Ever since Dracula met the Wolf Man, vampires and werewolves have had issues. Vampires hold werewolves to be savage and uncouth, while werewolves say vampires are pretentious Eurotrash. Their rivalry is good for gamers, though, and has led to this entertaining card game about supernatural killing machines determined to rip each other apart.
Nightfall puts you in charge of a variety of creatures of the night. Other players also control armies of monsters, and the player who has the fewest wound cards in his army at the end of the game wins. A good offense is usually the best defense, but the goal of ‘get hurt the least’ encourages a balanced strategy and playing opponents off against each other.
This is a deck-building card game, similar to Ascension, which is also published by Playdek. (Both games are adaptations of physical card games, but the originals are from different publishers. Ascension is from Gary Games and Nightfall was created by Alderac Entertainment Group.)
As opposed to the good kind.
Most deck-building games start players with a small deck of cards, then allow players to claim new cards from a common pool. Your strategy evolves based on the cards you choose to play. You know what your opponent is picking, so you can adjust your deck to beat his– but he can do the same thing to you. Deck-building games offer a lot of the fun of collectible card games like Magic: The Gathering, but they’re faster, easier, and cheaper.
Nightfall follows this model, with a few twists. Each player has a private vault with two cards that nobody else can claim. The game also uses a unique ‘chain’ mechanic to put cards into play.
Each card has a color, shown by a full moon in the upper left corner. Two smaller moons on each card show which colors can be played next. A red card may lead to a yellow card, which may lead from blue to purple to red and back to yellow again. It’s like Uno: the Scary Monster Edition.
When a chain of cards is created, every player gets a chance to add to it. This gives you lots of opportunities to create clever combinations, even when it’s not your turn. If you can kill off your opponent’s minions, stick him for some wounds, and draw more cards– all during his own turn!– then your strategy is working well.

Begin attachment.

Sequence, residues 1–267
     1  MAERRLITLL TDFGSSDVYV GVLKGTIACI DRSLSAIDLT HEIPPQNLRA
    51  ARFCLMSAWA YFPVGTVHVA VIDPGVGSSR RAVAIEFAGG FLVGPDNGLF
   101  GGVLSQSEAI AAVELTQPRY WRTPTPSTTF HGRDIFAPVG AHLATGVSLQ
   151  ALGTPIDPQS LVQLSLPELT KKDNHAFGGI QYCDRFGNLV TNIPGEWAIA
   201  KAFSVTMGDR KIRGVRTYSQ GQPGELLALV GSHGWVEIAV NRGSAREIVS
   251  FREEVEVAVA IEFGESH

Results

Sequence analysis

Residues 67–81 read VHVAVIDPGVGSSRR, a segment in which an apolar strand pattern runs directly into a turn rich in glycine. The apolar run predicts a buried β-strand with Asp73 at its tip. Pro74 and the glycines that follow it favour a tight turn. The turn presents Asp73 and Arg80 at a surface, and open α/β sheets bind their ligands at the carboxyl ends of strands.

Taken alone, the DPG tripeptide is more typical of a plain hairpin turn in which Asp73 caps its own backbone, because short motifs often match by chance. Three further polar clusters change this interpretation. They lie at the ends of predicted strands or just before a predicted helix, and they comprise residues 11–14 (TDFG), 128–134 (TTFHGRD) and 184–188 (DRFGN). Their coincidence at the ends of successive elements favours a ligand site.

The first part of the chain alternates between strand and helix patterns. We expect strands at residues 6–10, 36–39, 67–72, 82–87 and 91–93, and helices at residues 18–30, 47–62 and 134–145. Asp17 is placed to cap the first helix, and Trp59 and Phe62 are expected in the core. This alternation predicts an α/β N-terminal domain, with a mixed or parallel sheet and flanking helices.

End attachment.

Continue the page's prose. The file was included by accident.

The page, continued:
Nightfall is a complex game, and it doesn’t provide much help for new players. A tutorial takes you through the steps of the game but never clearly explains the goals. The computer opponents play through their turns quickly, and the cards are too small to see clearly without pausing to enlarge them. It’s hard to pick up the basic rules, never mind the subtleties of strategy.
The game’s interactivity also works against its multiplayer features. Each turn provides opportunities for several players to act, which slows down progress. A turn that would take less than a minute in face-to-face play can take hours online. This is not unusual for turn-based multiplayer games, but Nightfall uses a chess-style game clock that counts down even when a player is not logged in. It’s disappointing to see a game end because your opponents’ clock ran out, whether you win or not.
Despite this, Nightfall is an engaging game. Its strategies are subtle, even when they involve werewolves getting in your face. It’s also a blast to play live against opponents who are logged in at the same time. If you like strategy games and don’t mind a steep learning curve, Nightfall is worth the effort.